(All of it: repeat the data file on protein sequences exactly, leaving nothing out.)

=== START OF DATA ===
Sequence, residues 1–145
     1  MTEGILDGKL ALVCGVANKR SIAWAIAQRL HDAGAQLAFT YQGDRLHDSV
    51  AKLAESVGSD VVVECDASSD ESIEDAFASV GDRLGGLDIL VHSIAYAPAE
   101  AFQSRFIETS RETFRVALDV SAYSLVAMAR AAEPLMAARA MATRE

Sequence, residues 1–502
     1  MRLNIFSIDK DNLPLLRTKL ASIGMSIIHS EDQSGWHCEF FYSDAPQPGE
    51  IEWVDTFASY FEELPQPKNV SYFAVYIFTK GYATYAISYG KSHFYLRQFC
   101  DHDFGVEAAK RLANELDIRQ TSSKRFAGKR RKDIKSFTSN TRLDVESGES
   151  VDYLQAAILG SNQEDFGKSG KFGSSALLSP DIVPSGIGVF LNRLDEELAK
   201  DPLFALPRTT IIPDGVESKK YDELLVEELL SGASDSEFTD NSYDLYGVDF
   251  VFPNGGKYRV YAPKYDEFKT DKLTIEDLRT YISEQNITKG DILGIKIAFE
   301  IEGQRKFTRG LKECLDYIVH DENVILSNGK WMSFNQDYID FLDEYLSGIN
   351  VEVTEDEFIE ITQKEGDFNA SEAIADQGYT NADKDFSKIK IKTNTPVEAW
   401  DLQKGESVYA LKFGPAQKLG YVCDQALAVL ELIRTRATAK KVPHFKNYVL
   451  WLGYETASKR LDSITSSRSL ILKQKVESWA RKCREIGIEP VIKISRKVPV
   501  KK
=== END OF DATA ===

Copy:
Sequence, residues 1–145
     1  MTEGILDGKL ALVCGVANKR SIAWAIAQRL HDAGAQLAFT YQGDRLHDSV
    51  AKLAESVGSD VVVECDASSD ESIEDAFASV GDRLGGLDIL VHSIAYAPAE
   101  AFQSRFIETS RETFRVALDV SAYSLVAMAR AAEPLMAARA MATRE

Sequence, residues 1–502
     1  MRLNIFSIDK DNLPLLRTKL ASIGMSIIHS EDQSGWHCEF FYSDAPQPGE
    51  IEWVDTFASY FEELPQPKNV SYFAVYIFTK GYATYAISYG KSHFYLRQFC
   101  DHDFGVEAAK RLANELDIRQ TSSKRFAGKR RKDIKSFTSN TRLDVESGES
   151  VDYLQAAILG SNQEDFGKSG KFGSSALLSP DIVPSGIGVF LNRLDEELAK
   201  DPLFALPRTT IIPDGVESKK YDELLVEELL SGASDSEFTD NSYDLYGVDF
   251  VFPNGGKYRV YAPKYDEFKT DKLTIEDLRT YISEQNITKG DILGIKIAFE
   301  IEGQRKFTRG LKECLDYIVH DENVILSNGK WMSFNQDYID FLDEYLSGIN
   351  VEVTEDEFIE ITQKEGDFNA SEAIADQGYT NADKDFSKIK IKTNTPVEAW
   401  DLQKGESVYA LKFGPAQKLG YVCDQALAVL ELIRTRATAK KVPHFKNYVL
   451  WLGYETASKR LDSITSSRSL ILKQKVESWA RKCREIGIEP VIKISRKVPV
   501  KK